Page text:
“Each morning I sit and pray this prayer of St. John Vianney, the patron saint of priests: ‘I love you Lord, and my only desire is to love you until the last breath of my life. I love you, O my infinitely loveable God, and I would rather die loving you, than without loving you. I love you Lord, and the only grace I ask is to love you eternally. My God, if my tongue cannot say in every moment that I love you, I want my heart to repeat it to you as often as I draw breath.’”
Fr. Kuykendall, chaplain of the Catholic Care Center and Priest Retirement Center, says he prays the prayer throughout the day “because I know how frail I can be at times, how selfish I can feel and act towards others, and how unlike the ‘foot washer priest’ I have been called to and desire to be.”
He adds that he prays frequently because it’s easy to forget that he is to model his life on the cross. “When I remember to keep the cross central, I discover its sweetness and its joy. I thank the people of God for the gift of their lives for touching and transforming mine.”
Fr. Kuykendall said he is thankful to the faithful for allowing him to celebrate Mass, to give them Holy Communion, and to hear their confessions.
“I thank you for allowing me to serve you!” he said. “And most of all, I thank the people of God for allowing me to fall in love with them.”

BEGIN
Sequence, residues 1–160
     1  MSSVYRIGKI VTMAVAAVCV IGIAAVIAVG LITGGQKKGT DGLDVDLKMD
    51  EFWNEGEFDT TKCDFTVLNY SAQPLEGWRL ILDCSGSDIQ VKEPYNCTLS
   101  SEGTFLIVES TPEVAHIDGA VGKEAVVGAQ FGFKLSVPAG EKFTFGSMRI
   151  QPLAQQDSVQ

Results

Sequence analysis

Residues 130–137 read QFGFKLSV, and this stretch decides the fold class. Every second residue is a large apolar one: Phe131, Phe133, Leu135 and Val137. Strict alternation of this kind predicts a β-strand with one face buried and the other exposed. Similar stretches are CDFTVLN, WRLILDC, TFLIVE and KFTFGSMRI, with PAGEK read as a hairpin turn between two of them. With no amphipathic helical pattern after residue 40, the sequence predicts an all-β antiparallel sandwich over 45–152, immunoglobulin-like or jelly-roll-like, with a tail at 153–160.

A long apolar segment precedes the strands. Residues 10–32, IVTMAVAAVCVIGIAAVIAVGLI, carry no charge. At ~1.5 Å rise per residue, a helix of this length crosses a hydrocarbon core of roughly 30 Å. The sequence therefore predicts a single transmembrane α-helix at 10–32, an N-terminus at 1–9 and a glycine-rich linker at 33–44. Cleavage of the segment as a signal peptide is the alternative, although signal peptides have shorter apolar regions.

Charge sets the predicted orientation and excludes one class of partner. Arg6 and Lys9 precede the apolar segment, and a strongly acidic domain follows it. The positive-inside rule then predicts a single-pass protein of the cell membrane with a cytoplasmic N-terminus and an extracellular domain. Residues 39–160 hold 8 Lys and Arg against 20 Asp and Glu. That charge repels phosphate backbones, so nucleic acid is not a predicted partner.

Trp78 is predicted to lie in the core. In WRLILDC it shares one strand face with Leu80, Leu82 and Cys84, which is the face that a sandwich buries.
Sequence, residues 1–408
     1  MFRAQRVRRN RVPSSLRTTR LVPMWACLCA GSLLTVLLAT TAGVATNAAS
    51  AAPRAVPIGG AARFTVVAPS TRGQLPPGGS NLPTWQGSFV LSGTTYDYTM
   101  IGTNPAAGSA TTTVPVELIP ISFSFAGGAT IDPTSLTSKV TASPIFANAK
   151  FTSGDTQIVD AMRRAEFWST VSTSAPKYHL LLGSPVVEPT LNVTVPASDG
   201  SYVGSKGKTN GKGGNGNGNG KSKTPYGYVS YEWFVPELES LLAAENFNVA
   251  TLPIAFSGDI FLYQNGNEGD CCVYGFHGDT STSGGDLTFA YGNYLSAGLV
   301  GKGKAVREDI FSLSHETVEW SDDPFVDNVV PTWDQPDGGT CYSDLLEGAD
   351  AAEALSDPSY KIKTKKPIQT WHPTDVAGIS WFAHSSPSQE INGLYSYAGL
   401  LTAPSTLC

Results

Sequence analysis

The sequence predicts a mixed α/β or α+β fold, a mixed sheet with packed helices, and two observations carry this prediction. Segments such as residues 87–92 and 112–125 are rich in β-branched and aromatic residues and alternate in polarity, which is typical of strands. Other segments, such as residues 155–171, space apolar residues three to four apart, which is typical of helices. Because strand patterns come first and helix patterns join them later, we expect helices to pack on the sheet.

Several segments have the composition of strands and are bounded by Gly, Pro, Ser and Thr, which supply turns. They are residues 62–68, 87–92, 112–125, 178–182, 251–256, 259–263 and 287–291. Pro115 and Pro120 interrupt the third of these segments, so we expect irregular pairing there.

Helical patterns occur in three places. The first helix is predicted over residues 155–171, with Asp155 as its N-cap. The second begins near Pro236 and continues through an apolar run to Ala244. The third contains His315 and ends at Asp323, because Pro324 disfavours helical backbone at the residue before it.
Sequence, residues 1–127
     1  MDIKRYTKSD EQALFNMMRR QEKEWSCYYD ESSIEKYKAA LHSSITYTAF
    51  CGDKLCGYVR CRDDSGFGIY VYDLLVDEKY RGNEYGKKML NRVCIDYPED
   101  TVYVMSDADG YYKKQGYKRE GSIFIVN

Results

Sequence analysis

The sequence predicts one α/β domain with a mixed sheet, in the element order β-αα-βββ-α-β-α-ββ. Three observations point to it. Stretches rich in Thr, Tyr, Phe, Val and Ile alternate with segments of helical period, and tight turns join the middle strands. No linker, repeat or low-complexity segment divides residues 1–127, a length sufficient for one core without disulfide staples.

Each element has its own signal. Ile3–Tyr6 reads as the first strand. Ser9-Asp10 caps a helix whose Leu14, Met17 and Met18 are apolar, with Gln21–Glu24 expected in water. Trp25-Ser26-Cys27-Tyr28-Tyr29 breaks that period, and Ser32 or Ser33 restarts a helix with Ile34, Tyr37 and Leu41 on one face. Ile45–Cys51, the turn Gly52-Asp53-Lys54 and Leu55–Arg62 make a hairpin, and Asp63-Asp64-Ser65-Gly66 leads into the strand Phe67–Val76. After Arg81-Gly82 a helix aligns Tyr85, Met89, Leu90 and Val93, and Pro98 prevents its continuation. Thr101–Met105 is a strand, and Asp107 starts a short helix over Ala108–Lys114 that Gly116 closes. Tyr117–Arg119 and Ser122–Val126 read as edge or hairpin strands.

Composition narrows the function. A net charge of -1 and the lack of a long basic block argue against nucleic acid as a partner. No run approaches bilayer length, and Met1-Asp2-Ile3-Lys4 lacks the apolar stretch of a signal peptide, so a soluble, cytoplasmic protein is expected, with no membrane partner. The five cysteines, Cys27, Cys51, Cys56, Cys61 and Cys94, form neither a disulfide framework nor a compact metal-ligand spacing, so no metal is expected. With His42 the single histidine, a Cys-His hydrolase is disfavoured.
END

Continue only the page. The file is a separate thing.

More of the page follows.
He closed by adding: “I always sign off with ‘I Love You!’”

Father Wayne L. Schmid
Father Wayne L. Schmid said his 50 years of ministry is one of affirmation to the statement: “Without cost you have received; without cost you are to give.”
As early as he can remember, he said, the idea of the priesthood was always present in his mind, likely because of parish priests he knew.
“I was always involved in parish functions,” he said. “In those days we walked everywhere and so every time I passed our parish church, I would stop for a visit with God.”
Fr. Schmid, who retired in 2011, added that he and his sister would attend a 6:30 a.m. Mass most days.
“However, I must say that the reality of my becoming a priest and my journey to the present is a God thing,” he wrote.
“In each step of my life’s journey I have personally experienced the hand and gift of God. The numerous events in my life during those years can only be explained as grace-filled moments.”
He said the priesthood is the vehicle with which he was able to experience God’s grace – and his need to give back. “The journey continues,” Fr. Schmid said.

Father John Hotze
Father John Hotze, pastor of St. Michael the Archangel Parish in Mulvane and a canon lawyer, said he hopes the priesthood has made him a better person.
“I know the priesthood has allowed me to see Christ,” he said. “As Christians we all seek to be holy, to be Christ-like.”
Father Hotze said the priesthood has allowed him to witness God’s plan of salvation in many different ways. “It has allowed me to witness so many holy people, Christ-like people participating in God’s plan. You can truly see Christ in them. They inspire me to be a better person and a better priest.”
He thanked God for the gift of his vocation and allowing him to “see God in the faithful and in the not so faithful.”